noun, plural were·wolves [wair-woo lvz, weer-, wur-] /ˈwɛərˌwʊlvz, ˈwɪər-, ˈwɜr-/.
Origin of werewolf
Examples from the Web for werewolves
Contemporary Examples of werewolves
Red Moon accounts for nearly everything one could imagine when considering a world where werewolves are among us.The Werewolf Novel as Post-9/11 Political Allegory?
May 16, 2013
The kids go on energetic, meandering rants about werewolves and islands made of candy.Beck Bennett: Meet That Guy in Those Adorable AT&T Commercials
April 9, 2013
And werewolves were about losing yourself to your “beastly side,” which must have been terrifying if you were a Victorian.
I mean, I feel like werewolves and vampires were invented to talk about something that was frightening us as a culture.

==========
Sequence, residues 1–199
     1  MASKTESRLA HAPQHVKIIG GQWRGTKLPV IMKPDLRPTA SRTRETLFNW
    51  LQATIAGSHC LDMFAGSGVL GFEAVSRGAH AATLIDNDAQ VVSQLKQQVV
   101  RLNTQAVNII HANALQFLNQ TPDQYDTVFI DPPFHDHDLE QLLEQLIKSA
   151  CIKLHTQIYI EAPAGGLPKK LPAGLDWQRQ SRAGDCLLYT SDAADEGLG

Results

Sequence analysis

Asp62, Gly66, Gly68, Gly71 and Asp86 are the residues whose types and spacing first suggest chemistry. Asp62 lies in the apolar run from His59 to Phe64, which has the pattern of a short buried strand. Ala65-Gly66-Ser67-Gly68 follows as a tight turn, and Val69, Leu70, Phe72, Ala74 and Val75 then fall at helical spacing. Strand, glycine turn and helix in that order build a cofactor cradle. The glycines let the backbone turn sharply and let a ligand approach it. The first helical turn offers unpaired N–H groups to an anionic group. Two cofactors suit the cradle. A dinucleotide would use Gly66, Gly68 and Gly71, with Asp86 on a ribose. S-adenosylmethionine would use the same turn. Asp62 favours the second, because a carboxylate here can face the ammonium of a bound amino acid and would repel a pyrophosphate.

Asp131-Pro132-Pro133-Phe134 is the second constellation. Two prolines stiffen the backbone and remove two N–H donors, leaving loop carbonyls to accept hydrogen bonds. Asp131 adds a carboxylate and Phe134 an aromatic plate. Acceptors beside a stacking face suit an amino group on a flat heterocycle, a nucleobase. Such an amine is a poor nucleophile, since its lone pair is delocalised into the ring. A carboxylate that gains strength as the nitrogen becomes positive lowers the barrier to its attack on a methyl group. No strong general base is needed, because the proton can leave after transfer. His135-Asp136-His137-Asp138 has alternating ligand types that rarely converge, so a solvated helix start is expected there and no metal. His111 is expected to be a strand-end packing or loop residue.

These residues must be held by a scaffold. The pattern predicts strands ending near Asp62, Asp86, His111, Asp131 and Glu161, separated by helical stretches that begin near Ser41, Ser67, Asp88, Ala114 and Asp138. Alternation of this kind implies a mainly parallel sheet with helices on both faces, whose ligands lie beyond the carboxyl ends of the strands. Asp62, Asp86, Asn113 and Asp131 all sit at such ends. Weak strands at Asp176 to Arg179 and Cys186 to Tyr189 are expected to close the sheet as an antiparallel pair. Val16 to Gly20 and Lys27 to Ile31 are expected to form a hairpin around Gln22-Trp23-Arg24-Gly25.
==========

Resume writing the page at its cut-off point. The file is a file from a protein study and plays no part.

Historical Examples of werewolves
They disappeared into a world of wizards, werewolves, and magic spells.Space Prison
These witnesses of werewolves may have seen animals, all right enough.The Supernatural in Modern English Fiction
The frightful superstition of werewolves is a good instance.Myths and Myth-Makers
Don't look so gloomy, Fortin, unless you believe in werewolves and ghosts.Famous Modern Ghost Stories
In it, he had described the fiendish habits and activities of werewolves and had actually even presented a formula.G-r-r-r...!
noun plural -wolves
Word Origin for werewolf
late Old English werewulf "person with the power to turn into a wolf," from wer "man" (see virile) + wulf (see wolf (n.); also see here for a short discussion of the mythology). Cf. Middle Dutch weerwolf, Old High German werwolf, Swedish varulf. In the ancient Persian calendar, the eighth month (October-November) was Varkazana-, literally "(Month of the) Wolf-Men."
Legendary human beings who are magically transformed into wolves. Werewolves supposedly prowl at night, devouring babies and digging up corpses, and cannot be killed with ordinary weapons. They are particularly associated with the full moon.